VISIT TO GREENWICH OBSERVATORY
23rd May 2019
VISIT TO GREENWICH OBSERVATORY
23rd May 2019
A visit to Greenwich via a boat ride down the Thames
by Liz Ward (Painter-Stainers)
It was a lovely balmy late spring morning when we set off from Westminster pier on the Thames
Clipper towards Greenwich to visit The Queen’s House and The Painted Hall. Passing by the familiar City buildings, then the Tower of London, under Tower Bridge and finally Canary Wharf we arrived at Greenwich welcomed by the sight of the famous Tea Clipper, Cutty Sark, and the imposing buildings of the Old Royal Naval College designed by Sir Christopher Wren. Nestled neatly between the domed courts of Queen Mary and King William appears the Queen’s
House, designed by Inigo Jones for Anne of Denmark, the queen of King James I.
There has been a Palace at Greenwich since the 15th Century and the original brick built
Greenwich Palace was the birthplace of Henry VIII, Mary I and Elizabeth I. It fell into disrepair during
the English Civil War and was finally demolished in 1694.
In 1613 James I gave the site of Greenwich to his Danish Queen Anne, reportedly in apology for
losing his temper after she accidentally shot his favourite dog while hunting! However, she didn’t
live long enough to see the house completed; that joy was saved for Queen Henrietta Maria, the
wife of Charles I.
In 1692 the Royal Hospital for Seamen at Greenwich was created on the site on the instructions of
Mary II, who had been inspired by the sight of the sailors returning from the Battle of La Hogue. It
was the naval equivalent of the Royal Hospital for soldiers at Chelsea, also designed by Sir
Christopher Wren. Architectural highlights include the Chapel which is in the Court of Queen Mary
and the Painted Hall which is in the Court of King William. Both have domes above their respective
entrances and sit opposite each other providing a vista from the Thames to the Queen’s House with
the Royal Observatory behind, at the top of Greenwich Park.
The two storey Great Hall is the centre of the Queen’s House, with a floor of black and white marble
and a galleried landing from which the rooms radiate. The ceiling is an exquisitely executed pattern
of repeated decorative motifs in gold leaf commissioned from the Turner Prize winner Richard
Wright, based on his interpretation of the Tulip Stairs.
Most of the rooms would have been bedrooms or anterooms, but now house the art collection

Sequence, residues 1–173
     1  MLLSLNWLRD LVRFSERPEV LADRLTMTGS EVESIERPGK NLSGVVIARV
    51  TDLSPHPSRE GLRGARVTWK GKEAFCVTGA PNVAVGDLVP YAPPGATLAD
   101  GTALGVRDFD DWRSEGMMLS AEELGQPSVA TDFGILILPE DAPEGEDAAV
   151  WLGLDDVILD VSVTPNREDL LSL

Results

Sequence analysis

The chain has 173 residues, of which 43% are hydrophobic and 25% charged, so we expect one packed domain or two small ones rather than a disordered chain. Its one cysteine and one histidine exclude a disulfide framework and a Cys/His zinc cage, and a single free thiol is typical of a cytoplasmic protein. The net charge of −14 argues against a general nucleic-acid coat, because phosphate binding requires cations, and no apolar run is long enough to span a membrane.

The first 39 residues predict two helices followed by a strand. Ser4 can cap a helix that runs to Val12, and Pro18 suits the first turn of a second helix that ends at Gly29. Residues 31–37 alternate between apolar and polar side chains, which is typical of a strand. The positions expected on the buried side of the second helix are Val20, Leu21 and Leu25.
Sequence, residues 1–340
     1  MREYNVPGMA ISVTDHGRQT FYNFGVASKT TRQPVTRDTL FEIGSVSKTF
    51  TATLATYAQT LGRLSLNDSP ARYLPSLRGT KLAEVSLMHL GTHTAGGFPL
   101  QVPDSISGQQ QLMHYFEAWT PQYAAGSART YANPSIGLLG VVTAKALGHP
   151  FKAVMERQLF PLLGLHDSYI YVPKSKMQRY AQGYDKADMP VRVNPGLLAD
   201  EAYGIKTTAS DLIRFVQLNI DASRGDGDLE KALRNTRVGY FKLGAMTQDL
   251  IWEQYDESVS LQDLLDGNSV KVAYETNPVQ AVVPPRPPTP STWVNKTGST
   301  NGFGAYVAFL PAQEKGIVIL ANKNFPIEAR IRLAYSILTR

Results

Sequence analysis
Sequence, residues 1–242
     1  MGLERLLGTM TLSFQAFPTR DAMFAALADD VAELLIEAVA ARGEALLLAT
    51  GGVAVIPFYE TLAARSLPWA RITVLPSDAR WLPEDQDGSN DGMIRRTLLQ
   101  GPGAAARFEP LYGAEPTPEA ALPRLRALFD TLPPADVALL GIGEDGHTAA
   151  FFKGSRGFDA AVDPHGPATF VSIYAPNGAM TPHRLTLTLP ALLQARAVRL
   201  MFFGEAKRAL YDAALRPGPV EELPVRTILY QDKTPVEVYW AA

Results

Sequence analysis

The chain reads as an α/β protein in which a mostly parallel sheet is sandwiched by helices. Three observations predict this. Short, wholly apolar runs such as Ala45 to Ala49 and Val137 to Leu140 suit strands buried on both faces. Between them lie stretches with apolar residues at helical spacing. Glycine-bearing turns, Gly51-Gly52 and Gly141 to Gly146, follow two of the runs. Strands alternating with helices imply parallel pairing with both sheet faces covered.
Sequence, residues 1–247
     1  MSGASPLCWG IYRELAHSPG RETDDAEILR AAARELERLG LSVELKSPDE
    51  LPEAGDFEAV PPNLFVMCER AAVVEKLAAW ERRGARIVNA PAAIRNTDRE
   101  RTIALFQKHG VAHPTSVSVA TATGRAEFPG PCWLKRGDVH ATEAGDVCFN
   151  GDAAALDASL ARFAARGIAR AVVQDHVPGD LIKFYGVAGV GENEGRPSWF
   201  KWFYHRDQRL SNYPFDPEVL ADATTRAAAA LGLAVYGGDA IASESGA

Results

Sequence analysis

featuring paintings of the Kings and Queens connected with Greenwich and many admirals and
pictures of The Fleet and various battles by Van Dyke, Canaletto and Turner to name but a few.
Henrietta Maria commissioned a rather magnificent painted ceiling for her bedroom, the only one
in the Queen’s House. One leaves the top floor of the house by a stunningly beautiful spiral staircase
called the Tulip Stairs, named after the wrought-iron design of the rails. It is believed to be the
earliest example of centrally unsupported stairs in England.
After our visit to the house we had lunch at the Old Brewery which was a very welcome interlude;
then onto the Painted Hall.
The Painted Hall was built as a grand ceremonial dining room for the Royal Naval Hospital. The
artist, Sir James Thornhill, was a past Master Painter-Stainer and his painted interior is considered to
be the masterpiece of English Baroque art. It features spectacular wall and ceiling decorations
with William III & Mary II, the founders of the Royal Hospital, at the centre celebrating Britain’s
political stability, commercial prosperity and naval power. The Painted Hall has recently undergone
a total restoration and is looking stunningly vivid. There are a number of mirrored tables with which
to see the ceiling reflected without getting neck ache, or alternatively you can lie down on one of
the red leather covered benches to view it in comfort!
There is a small anteroom just off the Painted Hall where the body of Admiral Lord Nelson was
prepared (it had been transported back from Spain in a barrel of fortified wine), before his official
lying in state in the Painted Hall. This little room contains a statue of Nelson replicating the one in
We were all too exhausted after this to make the steep walk up to the Observatory, but Greenwich
is well worth another visit to see The Chapel and another chance to see the magnificent Painted
Hall ceiling again.